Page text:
It was expected that the trademark authority offered clear parameters for the approval of trademark coexistence agreements reducing the so variable discretionary power that existed in this regard but, as it has been specified that the compliance with the minimum conditions to be included in the coexistence agreements does not imply that they will be automatically approved but that anyway all the agreements will be submitted to the rigorous scrutiny of the authority, we believe that the principle of contractual freedom is affected since, in practice, the very broad discretionary power of the authority cannot be reduced and, therefore, arbitrariness interdiction cannot be achieved.
We note in the criterion adopted by the trademark authority an excessive diligence in defending the public interest, aimed at guaranteeing that consumer may differ the products or services from one or another competitor by the branding, without the possibility of any error when, in this particular issue which concerns us, this interest normally coincides with the private interest of the entrepreneurs of protecting their exclusive right in their respective trademarks that distinguish their corresponding products or services, being logical, from this perspective, that none entrepreneur will seek when executing a trademark coexistence agreement that his/her trademarks be confused with those of his/her competitors despite the possible similarity that may exist between them, and if such similarity did not exist in any degree, then it would lack purpose to execute the agreement.
It is worth mentioning that the precedent of mandatory compliance, which is being commented herein, establishes that the Trademark Office will not accept the presentation of Letters of Consent since, on the one hand, Article 56 of Legislative Decree 1075 only makes reference to Coexistence Agreements and, on the other hand, it is affirmed that Letters of Consent are unilateral expressions of will which are not enshrined in said article. In our opinion, such consideration corresponds to an equivocal interpretation of the rules.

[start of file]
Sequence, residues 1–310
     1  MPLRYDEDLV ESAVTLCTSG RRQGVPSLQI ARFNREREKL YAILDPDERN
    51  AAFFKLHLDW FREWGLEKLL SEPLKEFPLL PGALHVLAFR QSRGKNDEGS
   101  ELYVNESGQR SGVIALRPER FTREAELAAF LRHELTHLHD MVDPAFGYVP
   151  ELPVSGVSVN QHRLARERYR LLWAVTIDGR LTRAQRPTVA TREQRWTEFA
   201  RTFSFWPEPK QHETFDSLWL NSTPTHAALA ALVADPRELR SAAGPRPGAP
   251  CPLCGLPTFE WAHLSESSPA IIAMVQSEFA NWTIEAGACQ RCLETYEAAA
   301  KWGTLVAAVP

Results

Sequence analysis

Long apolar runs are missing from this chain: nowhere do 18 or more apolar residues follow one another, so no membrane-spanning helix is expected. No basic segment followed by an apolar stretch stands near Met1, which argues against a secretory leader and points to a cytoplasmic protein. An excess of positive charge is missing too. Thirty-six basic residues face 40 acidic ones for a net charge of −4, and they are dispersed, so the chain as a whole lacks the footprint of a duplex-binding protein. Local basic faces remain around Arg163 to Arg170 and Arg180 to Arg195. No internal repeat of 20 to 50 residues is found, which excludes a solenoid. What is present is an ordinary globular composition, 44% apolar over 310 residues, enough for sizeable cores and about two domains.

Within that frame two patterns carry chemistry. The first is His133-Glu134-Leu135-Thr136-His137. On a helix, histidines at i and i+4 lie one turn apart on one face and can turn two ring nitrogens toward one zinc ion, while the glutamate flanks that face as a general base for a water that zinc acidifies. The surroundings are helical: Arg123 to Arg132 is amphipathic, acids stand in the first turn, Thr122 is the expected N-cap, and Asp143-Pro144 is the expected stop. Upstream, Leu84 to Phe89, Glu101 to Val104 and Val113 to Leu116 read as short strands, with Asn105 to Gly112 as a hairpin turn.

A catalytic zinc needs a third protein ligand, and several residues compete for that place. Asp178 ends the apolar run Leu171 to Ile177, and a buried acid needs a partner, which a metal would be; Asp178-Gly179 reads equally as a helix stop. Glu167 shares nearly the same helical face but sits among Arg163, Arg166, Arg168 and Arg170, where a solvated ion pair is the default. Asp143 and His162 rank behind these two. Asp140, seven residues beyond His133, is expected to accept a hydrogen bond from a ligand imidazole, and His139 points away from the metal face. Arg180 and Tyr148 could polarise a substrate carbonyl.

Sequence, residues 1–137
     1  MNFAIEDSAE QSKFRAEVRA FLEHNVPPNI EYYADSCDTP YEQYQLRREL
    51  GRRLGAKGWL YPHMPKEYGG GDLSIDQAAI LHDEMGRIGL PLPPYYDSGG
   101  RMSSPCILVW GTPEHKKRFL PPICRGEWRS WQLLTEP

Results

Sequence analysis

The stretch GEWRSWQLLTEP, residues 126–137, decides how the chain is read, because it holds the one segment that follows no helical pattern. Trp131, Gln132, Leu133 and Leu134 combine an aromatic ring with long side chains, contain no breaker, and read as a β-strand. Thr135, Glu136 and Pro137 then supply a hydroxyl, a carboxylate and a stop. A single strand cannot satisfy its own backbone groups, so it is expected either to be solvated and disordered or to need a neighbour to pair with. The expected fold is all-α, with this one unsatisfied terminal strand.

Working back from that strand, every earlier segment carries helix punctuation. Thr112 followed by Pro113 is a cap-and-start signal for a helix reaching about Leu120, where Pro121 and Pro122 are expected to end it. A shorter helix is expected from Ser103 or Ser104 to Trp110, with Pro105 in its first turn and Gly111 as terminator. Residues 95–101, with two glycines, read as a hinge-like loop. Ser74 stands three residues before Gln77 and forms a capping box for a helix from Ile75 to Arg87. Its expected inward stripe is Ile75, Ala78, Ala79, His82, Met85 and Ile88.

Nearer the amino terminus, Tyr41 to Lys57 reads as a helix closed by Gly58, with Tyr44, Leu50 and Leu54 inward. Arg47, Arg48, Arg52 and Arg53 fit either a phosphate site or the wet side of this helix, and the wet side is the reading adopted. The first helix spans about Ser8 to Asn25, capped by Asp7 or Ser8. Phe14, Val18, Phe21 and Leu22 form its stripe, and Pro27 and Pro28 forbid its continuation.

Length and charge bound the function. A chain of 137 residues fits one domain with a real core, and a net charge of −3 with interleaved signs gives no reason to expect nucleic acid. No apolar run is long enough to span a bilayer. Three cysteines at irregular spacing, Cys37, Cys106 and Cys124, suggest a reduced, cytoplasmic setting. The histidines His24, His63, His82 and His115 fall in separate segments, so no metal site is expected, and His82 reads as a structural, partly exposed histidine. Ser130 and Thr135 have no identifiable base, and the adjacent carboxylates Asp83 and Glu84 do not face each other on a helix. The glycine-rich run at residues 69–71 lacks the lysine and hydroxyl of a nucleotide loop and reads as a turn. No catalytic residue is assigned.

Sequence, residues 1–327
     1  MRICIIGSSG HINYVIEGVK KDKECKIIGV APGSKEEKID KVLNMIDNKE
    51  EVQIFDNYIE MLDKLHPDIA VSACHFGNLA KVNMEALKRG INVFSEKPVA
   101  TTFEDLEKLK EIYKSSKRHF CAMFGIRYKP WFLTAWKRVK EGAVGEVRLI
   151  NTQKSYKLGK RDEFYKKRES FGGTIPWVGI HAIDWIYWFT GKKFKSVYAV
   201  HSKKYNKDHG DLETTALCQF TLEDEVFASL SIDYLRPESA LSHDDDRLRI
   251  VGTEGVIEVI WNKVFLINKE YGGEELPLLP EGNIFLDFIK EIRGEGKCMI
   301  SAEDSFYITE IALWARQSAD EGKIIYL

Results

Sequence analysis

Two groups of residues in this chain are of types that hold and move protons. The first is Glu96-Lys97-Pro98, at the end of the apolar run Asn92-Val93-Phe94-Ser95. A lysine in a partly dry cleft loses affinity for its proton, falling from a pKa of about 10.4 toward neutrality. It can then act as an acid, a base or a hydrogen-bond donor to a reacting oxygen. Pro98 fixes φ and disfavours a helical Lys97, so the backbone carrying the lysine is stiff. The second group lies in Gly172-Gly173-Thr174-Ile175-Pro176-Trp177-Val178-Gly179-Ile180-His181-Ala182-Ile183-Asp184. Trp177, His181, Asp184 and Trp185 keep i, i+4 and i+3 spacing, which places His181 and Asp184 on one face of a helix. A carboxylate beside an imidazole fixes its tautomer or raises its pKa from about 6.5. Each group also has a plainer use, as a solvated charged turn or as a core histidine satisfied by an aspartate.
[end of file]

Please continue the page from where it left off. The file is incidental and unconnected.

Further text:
The fact that Letters of Consent are not expressly mentioned in the law does not imply that said expressions of will are by themselves legally invalid. No legal provision prevents the owner of the trademark that, in the legitimate excercise of its property right, grants a Letter of Consent to a third party in order to use or register a similar trademark under the legal principle proposed by the well-known jurist Hans Kelsen that “what is not expressly prohibited is allowed,” included in the Political Constitution under the epigraph that “Nobody is obliged to do what law does not order, nor prevented from doing what law does not prohibit” (Article 24 literal a). In this case, what is within the competence of the trademark authority is only to determine if the public interest of the consumer could be affected in case the similar trademark was sought to be registered, protected by a Letter of Consent and, if so, to deny the applied-for registration by rejecting the acceptance of said letter.
The validity of the granting of a Letter of Consent only demands the compliance with the general requirements for the validity of the legal act, that is, capable agent, physical and legally possible object, lawful purpose and compliance in the way established by law under penalty of nullity. If these requirements are complied with, the act must be considered completely valid. In conclusion, contrary to what is stated in the precedent of mandatory compliance, which is being commented herein, Letters of Consent should be accepted by the trademark authority unless it is determined that the consumer public interest could be affected by their content since, in such a case, the licit purpose of the legal act would not be complied with.